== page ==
Life & Letters

Correspondence

About this Item

Title: Walt Whitman to John H. Johnston and Alma Calder Johnston, 7 March 1889

Date: March 7, 1889

Whitman Archive ID: med.00865

Source: The location of this manuscript is unknown. Edward Haviland Miller derives his transcription from a transcript of the letter in a publication of the American Art Association, February 26, 1930. The transcription presented here is derived from Walt Whitman, The Correspondence, ed. Edwin Haviland Miller (New York: New York University Press, 1961–1977), 4:299–300. For a description of the editorial rationale behind our treatment of the correspondence, see our statement of editorial policy.

Contributors to digital file: Blake Bronson-Bartlett, Caterina Bernardini, Stefan Schöberlein, and Stephanie Blalock




Camden, N.J.,
March 7, 1889

I am still quite bodily helpless—imprison'd the same in my 2d story sick room . . . but get along sort o' comfortable. Dr. Bucke1 is here on his meter invention2 . . . O'Connor3 is rather easier (but pretty sick).


Walt Whitman


Correspondents:
John H. Johnston (1837–1919) was a New York jeweler and close friend of Whitman. Johnston was also a friend of Joaquin Miller (Horace Traubel, With Walt Whitman in Camden [New York: Mitchell Kennerley, 1915], 2:139). Whitman visited the Johnstons for the first time early in 1877. In 1888 he observed to Horace Traubel: "I count [Johnston] as in our inner circle, among the chosen few" (Horace Traubel, With Walt Whitman in Camden, Wednesday, October 3, 1888). See also Johnston's letter about Whitman, printed in Charles N. Elliot, Walt Whitman as Man, Poet and Friend (Boston: Richard G. Badger, 1915), 149–174. For more on Johnston, see Susan L. Roberson, "Johnston, John H. (1837–1919) and Alma Calder" Walt Whitman: An Encyclopedia, ed. J.R. LeMaster and Donald D. Kummings (New York: Garland Publishing, 1998).

Alma Calder Johnston was an author and the second wife of John H. Johnston. Her family owned a home and property in Equinunk, Pennsylvania. For more on the Johnstons, see Susan L. Roberson, "Johnston, John H. (1837–1919) and Alma Calder" (Walt Whitman: An Encyclopedia, ed. J.R. LeMaster and Donald D. Kummings (New York: Garland Publishing, 1998).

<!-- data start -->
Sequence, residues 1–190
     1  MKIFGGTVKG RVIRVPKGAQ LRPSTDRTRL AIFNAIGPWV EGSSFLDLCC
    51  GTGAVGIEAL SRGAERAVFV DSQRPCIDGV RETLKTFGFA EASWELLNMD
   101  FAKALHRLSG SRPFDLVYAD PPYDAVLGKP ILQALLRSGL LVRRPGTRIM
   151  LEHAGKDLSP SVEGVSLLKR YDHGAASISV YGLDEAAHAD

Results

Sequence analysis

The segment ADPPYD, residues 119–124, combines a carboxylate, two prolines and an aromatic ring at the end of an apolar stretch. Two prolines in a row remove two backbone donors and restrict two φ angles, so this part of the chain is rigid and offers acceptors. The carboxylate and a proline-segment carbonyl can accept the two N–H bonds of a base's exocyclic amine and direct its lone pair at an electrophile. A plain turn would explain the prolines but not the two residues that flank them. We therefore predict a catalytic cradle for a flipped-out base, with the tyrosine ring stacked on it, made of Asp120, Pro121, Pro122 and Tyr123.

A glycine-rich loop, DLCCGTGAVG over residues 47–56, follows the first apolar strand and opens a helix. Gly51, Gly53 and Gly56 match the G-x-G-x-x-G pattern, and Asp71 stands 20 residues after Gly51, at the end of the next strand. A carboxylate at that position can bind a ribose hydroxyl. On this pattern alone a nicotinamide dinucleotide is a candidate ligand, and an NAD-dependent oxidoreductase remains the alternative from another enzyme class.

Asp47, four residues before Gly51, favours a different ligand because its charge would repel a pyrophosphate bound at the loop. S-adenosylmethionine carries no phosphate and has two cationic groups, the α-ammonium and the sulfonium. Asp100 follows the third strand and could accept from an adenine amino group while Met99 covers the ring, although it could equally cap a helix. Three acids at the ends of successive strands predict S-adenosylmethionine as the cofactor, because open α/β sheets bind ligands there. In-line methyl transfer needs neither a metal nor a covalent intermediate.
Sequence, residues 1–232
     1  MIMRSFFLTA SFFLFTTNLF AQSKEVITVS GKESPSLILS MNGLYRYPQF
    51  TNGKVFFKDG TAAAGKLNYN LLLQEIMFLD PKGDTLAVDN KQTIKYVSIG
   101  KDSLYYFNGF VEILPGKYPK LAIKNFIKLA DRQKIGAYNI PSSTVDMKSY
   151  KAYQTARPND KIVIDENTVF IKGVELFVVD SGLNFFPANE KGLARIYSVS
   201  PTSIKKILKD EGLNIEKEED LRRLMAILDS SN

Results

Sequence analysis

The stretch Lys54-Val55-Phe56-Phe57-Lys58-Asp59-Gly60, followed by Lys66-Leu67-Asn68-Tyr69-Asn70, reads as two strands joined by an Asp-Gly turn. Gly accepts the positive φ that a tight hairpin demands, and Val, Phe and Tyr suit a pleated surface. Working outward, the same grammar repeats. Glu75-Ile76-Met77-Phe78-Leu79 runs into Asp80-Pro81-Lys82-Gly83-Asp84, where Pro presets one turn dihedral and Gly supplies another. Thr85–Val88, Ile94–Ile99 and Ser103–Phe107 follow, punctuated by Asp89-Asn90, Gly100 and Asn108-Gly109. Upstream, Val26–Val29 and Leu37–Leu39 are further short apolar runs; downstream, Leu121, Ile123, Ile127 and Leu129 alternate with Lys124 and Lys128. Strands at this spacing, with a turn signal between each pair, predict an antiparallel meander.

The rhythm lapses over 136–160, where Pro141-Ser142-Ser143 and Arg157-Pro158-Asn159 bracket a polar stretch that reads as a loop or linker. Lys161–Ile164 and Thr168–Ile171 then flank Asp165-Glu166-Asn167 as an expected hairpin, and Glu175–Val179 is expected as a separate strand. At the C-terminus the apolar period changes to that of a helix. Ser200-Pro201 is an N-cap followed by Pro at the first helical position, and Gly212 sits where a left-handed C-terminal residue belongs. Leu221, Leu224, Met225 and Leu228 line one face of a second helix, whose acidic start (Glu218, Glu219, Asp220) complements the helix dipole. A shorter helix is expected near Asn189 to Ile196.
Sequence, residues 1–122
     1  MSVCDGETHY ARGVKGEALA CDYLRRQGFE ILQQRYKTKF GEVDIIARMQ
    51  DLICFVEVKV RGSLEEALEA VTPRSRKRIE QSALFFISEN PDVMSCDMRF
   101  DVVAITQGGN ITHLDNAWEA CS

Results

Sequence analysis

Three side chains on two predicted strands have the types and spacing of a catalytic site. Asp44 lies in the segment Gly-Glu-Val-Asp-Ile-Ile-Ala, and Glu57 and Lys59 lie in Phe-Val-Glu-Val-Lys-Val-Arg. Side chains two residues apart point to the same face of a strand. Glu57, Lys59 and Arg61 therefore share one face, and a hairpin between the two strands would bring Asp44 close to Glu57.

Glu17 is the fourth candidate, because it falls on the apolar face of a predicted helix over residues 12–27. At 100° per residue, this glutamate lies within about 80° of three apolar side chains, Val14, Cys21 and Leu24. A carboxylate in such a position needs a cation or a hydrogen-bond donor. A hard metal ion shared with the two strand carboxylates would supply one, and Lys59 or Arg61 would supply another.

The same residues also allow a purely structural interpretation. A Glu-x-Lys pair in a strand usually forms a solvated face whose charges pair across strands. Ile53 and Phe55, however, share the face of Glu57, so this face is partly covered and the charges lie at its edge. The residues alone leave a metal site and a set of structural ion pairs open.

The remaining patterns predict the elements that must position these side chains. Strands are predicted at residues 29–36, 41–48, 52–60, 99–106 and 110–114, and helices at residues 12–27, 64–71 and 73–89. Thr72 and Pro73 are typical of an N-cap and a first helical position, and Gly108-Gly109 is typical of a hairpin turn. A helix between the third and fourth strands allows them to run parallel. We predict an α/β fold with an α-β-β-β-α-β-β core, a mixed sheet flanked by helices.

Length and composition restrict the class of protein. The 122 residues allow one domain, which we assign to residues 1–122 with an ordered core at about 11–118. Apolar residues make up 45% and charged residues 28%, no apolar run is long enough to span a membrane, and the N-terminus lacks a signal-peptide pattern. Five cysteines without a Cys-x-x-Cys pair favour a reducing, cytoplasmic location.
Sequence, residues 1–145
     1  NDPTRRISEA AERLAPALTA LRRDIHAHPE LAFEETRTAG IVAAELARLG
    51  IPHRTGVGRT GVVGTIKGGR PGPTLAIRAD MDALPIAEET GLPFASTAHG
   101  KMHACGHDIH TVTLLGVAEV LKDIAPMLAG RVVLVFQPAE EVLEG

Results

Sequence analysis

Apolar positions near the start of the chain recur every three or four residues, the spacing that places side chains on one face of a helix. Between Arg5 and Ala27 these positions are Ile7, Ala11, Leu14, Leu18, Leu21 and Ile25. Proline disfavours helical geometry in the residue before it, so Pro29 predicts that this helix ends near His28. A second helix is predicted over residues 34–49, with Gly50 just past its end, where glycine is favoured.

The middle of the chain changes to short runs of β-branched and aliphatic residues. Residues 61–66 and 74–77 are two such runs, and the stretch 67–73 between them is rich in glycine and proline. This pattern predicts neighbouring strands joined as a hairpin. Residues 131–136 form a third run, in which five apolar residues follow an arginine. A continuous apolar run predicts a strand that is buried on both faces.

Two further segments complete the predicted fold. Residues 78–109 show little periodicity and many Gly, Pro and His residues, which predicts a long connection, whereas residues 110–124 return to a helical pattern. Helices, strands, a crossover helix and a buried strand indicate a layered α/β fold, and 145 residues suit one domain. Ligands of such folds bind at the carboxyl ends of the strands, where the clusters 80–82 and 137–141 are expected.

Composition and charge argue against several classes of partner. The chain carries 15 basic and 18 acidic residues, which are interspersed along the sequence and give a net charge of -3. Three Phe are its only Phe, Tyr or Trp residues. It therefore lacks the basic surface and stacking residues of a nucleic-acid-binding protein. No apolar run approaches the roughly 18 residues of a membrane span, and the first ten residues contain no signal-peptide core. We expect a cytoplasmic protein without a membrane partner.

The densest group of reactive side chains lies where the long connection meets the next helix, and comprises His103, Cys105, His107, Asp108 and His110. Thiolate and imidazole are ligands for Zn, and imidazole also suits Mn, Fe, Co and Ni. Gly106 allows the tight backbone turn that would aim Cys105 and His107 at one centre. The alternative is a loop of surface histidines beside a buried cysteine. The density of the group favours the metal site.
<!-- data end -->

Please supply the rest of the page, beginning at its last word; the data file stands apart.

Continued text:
Notes:

1. Richard Maurice Bucke (1837–1902) was a Canadian physician and psychiatrist who grew close to Whitman after reading Leaves of Grass in 1867 (and later memorizing it) and meeting the poet in Camden a decade later. Even before meeting Whitman, Bucke claimed in 1872 that a reading of Leaves of Grass led him to experience "cosmic consciousness" and an overwhelming sense of epiphany. Bucke became the poet's first biographer with Walt Whitman (Philadelphia: David McKay, 1883), and he later served as one of his medical advisors and literary executors. For more on the relationship of Bucke and Whitman, see Howard Nelson, "Bucke, Richard Maurice," Walt Whitman: An Encyclopedia, ed. J.R. LeMaster and Donald D. Kummings (New York: Garland Publishing, 1998). [back]

2. Bucke and his brother-in-law William John Gurd were designing a gas and fluid meter to be patented in Canada and sold in England. [back]

3. William Douglas O'Connor (1832–1889) was the author of the grand and grandiloquent Whitman pamphlet "The Good Gray Poet," published in 1866 (a digital version of the pamphlet is available at "The Good Gray Poet: A Vindication"). For more on Whitman's relationship with O'Connor, see Deshae E. Lott, "O'Connor, William Douglas (1832–1889)," Walt Whitman: An Encyclopedia, ed. J.R. LeMaster and Donald D. Kummings (New York: Garland Publishing, 1998). [back]


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